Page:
I talk honestly and openly about my experiences with mental illness, fibromyalgia, and chronic fatigue syndrome through the lens of feminism, fat acceptance and process theology. I also do recipe and book reviews. My mission is to spread the message that hope is always real for a better life, despite living in a world that is often very harsh.

Monday, May 28, 2018

You Are A Badass - A Book Review

We are all perfect in our own, magnificent, fucked-up ways. Laugh at yourself. Love yourself and others. Rejoice in the cosmic ridiculousness.  ~ Jen Sincero from "You Are A Badass"

What makes Jen Sicero’s self-help book special is its fun language - with the playful swearing, you feel like you’re talking to your older, wiser, and wise-cracking sister. It’s an easy to read book - in fact, I’m a little embarrassed to admit that I skimmed through a few of the sections.  There really wasn’t anything super new in the message, but I think sometimes you need to hear the same words over and over again until you finally get it.  The best thing about the book is how it gets you bubbling over with excitement-I resorted to skimming towards the end because I was so excited about starting my next project.  

A consistent theme is the importance of loving yourself - instructions telling you to love yourself are just about every other page.  If there was one thing I could give one of my ex-girlfriends, it would be the realization that she is worthy of self love, but alas, there is no way to teach another that lesson.  

Another theme is the importance of following your joy.  That message seems to be following me everywhere I go lately - I guess I should listen! Reading self-help books like, “You’re A Badass” are hard to read because they challenge you to be more optimistic, positive, and joyful than what is generally considered “normal.”   We’re supposed to be beaten down with everything that is going on in the world; we are supposed to be depressed and anxious and mediocre - me especially, since I am already on disability, but I do not have to follow the old pattern anymore.  

I must say that the most frustrating thing about the book is how overly simple all of these type of self-help books are. They’re great for everyday people, but the ones who are disabled, or extremely poor, or who are too depressed for just a self-help book are often left out.  

The question I was left with is, ok, I get that we’re supposed to just jump off the ledge of employment predictability but what about the people who depend on Medicare?  Entrepreneurship seems like the holy grail sometimes but it makes it harder to get affordable health insurance.  With my healthcare needs, I feel like it would be foolhardy to just jump off of disability in our current political climate.  I know that one can continue to receive Medicare for the next five years after one gets off of SSDI - my hope is that Trump and his cronies will not last too long and that I will eventually feel secure enough that I can venture off disability even without a standard forty hour a week job.  I love my current job but after just two days of working in a row, I am bone tired.  It would be really nice if the work I enjoy did not exhaust me so.  I feel like it must be possible to achieve that kind of balance, but I have not found it yet.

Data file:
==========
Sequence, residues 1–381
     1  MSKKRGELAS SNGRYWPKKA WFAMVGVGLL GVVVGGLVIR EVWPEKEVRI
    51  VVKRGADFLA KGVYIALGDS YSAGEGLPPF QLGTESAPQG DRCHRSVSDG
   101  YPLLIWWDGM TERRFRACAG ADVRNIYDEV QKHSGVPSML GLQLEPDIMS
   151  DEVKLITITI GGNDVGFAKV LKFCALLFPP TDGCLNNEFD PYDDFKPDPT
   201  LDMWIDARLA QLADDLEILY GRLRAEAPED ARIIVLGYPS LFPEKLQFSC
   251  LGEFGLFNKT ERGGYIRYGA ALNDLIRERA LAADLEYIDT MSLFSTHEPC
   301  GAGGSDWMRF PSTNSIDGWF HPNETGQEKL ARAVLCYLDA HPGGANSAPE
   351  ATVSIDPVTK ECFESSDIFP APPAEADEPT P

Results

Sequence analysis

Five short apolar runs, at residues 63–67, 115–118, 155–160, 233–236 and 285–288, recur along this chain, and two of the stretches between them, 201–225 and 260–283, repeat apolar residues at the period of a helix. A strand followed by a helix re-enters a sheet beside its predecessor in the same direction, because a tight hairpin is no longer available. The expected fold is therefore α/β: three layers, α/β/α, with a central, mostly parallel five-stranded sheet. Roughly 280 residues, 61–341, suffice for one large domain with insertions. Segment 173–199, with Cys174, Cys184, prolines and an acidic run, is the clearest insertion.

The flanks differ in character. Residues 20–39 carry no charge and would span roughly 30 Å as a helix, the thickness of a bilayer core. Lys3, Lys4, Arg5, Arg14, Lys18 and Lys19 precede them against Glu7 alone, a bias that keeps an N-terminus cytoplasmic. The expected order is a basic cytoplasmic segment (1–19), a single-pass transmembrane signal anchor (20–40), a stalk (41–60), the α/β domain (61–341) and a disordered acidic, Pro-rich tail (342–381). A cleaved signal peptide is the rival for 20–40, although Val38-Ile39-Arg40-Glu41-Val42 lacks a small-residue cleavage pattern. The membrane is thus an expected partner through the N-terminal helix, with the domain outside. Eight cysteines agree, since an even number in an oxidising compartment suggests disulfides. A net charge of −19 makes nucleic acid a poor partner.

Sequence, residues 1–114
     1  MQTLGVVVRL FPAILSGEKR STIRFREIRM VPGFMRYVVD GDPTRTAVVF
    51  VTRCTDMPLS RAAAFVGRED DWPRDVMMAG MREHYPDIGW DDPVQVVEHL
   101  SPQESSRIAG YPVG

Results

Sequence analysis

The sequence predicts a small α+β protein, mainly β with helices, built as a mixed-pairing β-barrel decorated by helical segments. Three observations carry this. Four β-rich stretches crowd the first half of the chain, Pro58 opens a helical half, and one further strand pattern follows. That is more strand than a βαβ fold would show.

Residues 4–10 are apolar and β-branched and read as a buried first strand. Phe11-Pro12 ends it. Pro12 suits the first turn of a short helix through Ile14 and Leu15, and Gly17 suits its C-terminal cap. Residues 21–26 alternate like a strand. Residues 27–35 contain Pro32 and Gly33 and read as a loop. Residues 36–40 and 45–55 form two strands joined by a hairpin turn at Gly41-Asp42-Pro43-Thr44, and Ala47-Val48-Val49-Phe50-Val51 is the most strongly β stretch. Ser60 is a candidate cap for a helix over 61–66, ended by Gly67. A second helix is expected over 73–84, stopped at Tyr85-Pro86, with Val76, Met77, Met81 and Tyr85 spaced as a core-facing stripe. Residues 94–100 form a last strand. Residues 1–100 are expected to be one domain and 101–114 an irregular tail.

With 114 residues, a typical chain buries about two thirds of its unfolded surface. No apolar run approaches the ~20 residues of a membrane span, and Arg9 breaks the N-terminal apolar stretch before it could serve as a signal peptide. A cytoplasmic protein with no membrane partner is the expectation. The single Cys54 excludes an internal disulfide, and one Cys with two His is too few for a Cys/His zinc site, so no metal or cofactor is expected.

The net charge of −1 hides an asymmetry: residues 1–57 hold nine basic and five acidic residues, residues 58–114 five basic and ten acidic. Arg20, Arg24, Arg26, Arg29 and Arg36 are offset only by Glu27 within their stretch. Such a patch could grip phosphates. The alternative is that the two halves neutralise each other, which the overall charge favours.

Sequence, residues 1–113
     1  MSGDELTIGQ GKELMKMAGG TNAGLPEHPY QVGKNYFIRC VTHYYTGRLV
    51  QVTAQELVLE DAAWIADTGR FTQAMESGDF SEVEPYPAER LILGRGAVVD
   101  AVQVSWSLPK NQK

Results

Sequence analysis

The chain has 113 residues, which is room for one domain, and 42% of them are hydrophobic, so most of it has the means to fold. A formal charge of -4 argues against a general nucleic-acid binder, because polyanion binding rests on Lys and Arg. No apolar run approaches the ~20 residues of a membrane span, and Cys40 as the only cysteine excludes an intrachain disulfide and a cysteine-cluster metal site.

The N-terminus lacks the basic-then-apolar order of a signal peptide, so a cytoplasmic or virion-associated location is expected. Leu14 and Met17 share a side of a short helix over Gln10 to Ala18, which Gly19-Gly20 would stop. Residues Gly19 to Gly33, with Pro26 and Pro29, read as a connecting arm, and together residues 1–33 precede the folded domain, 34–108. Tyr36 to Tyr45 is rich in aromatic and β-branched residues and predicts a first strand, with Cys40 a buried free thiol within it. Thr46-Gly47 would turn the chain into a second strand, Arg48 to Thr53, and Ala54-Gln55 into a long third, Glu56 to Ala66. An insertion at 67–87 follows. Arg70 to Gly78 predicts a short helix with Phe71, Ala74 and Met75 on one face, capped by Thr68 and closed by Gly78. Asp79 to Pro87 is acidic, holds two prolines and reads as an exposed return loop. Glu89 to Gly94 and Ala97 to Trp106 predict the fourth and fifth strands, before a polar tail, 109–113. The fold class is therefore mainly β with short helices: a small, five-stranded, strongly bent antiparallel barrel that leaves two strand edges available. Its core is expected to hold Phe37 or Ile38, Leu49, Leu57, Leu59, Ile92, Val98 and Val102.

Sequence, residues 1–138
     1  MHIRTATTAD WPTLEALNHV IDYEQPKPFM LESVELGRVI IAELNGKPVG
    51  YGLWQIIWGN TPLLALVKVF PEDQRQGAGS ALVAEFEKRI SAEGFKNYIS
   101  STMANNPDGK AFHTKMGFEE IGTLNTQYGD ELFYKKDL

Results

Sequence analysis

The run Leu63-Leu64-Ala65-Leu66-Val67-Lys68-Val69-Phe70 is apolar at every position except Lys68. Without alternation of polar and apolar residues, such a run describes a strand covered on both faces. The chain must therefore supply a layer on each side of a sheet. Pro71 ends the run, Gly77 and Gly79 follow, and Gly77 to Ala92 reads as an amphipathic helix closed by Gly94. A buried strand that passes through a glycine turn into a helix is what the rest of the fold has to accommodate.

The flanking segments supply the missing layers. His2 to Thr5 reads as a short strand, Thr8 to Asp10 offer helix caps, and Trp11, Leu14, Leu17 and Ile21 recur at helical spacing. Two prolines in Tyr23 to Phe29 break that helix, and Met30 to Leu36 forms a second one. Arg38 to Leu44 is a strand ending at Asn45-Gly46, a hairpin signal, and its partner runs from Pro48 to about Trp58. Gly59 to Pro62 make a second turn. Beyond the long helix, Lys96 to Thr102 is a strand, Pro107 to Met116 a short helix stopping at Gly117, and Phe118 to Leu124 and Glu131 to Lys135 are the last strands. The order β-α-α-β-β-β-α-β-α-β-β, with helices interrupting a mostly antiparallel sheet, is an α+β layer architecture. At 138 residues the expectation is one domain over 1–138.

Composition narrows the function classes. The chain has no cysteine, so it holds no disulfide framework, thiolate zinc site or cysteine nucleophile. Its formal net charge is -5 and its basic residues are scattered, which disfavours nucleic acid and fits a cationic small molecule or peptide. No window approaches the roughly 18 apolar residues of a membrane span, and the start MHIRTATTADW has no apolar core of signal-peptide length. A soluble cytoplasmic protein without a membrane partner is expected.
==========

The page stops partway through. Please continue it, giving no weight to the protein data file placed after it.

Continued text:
I wish self-help books addressed specialty groups - where are the self-help LGBTQ, disabled authors of color?  


I know they must be out there somewhere... 

Perhaps I will be the one to write a disabled, anarchic self-help book one day.  

I feel like I am in a new era of myself.  Ever since my last hospitalization, I realized how important it is to dwell in joy - I was just so tired of anxiety, misery, and depression.  I am never giving up this dwelling place again.

Tuesday, May 22, 2018

Evolve with Joy and Love

we have two choices: embrace and love what we have and feel joy as deeply and fully as we can, and eventually lose everything—or shield ourselves, be miserable… and eventually lose everything. Living in fear won't stop us from losing what we love, it will only stop us from enjoying it.  ~ More Than Two by Franklin Veaux and Eve Rickert